Pour Mixture into the Pool
Now that you’re wearing your safety equipment, you’ve premixed your shock, and the pool pump is turned on, it’s time to add the mixture to the water. Do this carefully to avoid splashing, and pour around the edges of your pool.
Test the Water Again After a Couple Hours
Once the mixture has had time to disperse (at least 6 hours), it’s time to test your water once again. Adjust levels as needed, and avoid swimming until the chlorine level has reached 1 to 3 PPM.
How Often Should You Shock Your Pool?
Now that you have an understanding of the pool shocking process, how often should you incorporate this into your pool maintenance schedule?
The frequency at which you shock your pool can vary depending on several factors, including how often you use the pool and the weather forecast. If you swim nearly every day, you should be shocking your water every week. If you’re down to a once-a-week swim, shock the pool every other week.
Keep an eye on your water and complete an additional round of shocking:
- If you’re experiencing a heatwave.
- After heavy rainfall.
- Before opening or closing your pool for the season.
- After a gastrointestinal accident.
- If you smell an excessive amount of chlorine.
- Your eyes and skin become irritated.
Read More: How Often Should I Shock My Swimming Pool?
When Can I Jump in the Pool Again After Shocking It?
The whole family is itching to get back in the cool, crystal-clear water after shocking it — but when is it safe to do so? To be safe, we recommend waiting 24 hours before diving back in. If you want to be even safer, continue testing the water until the free chlorine levels reach 3 PPM or less.
What is Double or Triple Shocking a Pool?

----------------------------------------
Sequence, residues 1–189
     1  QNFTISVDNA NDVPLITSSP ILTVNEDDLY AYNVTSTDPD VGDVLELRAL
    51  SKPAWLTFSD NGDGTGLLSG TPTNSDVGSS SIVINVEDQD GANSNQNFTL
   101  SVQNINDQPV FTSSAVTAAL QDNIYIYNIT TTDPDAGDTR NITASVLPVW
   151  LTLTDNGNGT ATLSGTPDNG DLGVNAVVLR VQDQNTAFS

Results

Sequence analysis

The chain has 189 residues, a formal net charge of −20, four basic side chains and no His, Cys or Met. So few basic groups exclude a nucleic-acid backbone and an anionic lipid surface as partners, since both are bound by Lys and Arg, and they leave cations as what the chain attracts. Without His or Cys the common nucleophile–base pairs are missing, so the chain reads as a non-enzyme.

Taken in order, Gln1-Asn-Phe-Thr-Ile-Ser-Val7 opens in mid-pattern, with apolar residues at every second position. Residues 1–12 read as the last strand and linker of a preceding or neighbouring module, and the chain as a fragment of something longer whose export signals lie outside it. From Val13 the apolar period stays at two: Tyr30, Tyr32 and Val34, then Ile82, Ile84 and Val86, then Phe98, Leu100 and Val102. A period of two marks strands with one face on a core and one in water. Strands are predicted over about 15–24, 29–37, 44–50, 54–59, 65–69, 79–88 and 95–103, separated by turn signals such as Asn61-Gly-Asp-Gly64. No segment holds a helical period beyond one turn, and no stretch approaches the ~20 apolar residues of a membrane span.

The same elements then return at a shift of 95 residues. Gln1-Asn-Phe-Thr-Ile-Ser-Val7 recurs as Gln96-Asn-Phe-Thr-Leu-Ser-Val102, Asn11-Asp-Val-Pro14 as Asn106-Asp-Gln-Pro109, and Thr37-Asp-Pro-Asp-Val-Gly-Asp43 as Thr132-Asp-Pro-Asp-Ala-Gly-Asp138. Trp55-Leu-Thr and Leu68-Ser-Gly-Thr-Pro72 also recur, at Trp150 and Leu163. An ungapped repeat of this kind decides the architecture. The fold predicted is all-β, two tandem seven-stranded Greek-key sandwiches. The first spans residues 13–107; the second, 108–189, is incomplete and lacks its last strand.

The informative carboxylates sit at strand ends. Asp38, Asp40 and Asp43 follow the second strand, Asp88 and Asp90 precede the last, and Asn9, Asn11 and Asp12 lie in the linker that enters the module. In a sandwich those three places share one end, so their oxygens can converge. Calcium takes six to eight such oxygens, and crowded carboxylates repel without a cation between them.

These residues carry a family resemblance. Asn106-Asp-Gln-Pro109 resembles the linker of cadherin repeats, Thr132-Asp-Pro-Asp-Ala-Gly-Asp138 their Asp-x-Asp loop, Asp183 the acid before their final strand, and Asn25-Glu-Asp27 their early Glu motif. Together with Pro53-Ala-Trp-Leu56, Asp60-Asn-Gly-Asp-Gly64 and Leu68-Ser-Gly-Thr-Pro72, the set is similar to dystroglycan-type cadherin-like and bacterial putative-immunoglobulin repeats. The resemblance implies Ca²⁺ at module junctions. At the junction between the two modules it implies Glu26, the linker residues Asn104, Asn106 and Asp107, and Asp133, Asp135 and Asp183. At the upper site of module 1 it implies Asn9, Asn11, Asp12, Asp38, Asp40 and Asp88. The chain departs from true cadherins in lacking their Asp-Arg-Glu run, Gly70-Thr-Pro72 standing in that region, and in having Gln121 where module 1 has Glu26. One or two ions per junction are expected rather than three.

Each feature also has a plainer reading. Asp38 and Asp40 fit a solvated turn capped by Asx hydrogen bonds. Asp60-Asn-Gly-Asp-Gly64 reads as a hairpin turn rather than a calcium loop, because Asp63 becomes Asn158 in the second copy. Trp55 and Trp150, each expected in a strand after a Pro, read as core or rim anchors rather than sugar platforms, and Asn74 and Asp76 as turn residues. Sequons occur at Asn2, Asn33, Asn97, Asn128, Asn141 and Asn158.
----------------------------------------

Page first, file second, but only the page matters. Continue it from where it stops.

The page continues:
There are times when a single dose of pool shock won’t cut it. When dreaded algae find their way into your water, you need a stronger solution. If you catch algae growth in the early stages, when the water has turned slightly green, up your dosage to two times the recommended amount. If you’re experiencing extreme algae growth, increase it to three dosages. And if you have a case of black algae on your hands, a quadruple dose is called for.
Disclosure: It is highly recommended you consult with a professional pool service like ASP - America's Swimming Pool Company for any issues like pool algae that arise — especially black algae.
Should You Shock a Saltwater Pool?
It is important to remember that saltwater pools also use chlorine to stay sanitized. As such, regularly shocking saltwater pools is a crucial part of their maintenance needs. We find that granular shocking products work well in saltwater pools.
Stay Algae Free with Professional Pool Cleaning & Maintenance
We encourage all pool owners to take control of certain pool cleaning and maintenance tasks. However, professional services from the experts at ASP - America's Swimming Pool Company can provide reliable and effective services to keep your pool clean and algae-free! If you are experiencing an algae problem, we strongly encourage you to reach out to our team at (866) 253-0455 today!